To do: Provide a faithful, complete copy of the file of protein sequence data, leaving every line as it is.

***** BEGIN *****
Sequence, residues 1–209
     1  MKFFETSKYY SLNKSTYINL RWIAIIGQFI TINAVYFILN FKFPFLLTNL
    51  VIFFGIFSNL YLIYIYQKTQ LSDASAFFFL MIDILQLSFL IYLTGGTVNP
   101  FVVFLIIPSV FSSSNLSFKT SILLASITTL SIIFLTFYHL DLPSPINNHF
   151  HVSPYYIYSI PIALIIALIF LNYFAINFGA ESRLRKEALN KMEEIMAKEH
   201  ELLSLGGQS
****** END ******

Sequence, residues 1–209
     1  MKFFETSKYY SLNKSTYINL RWIAIIGQFI TINAVYFILN FKFPFLLTNL
    51  VIFFGIFSNL YLIYIYQKTQ LSDASAFFFL MIDILQLSFL IYLTGGTVNP
   101  FVVFLIIPSV FSSSNLSFKT SILLASITTL SIIFLTFYHL DLPSPINNHF
   151  HVSPYYIYSI PIALIIALIF LNYFAINFGA ESRLRKEALN KMEEIMAKEH
   201  ELLSLGGQS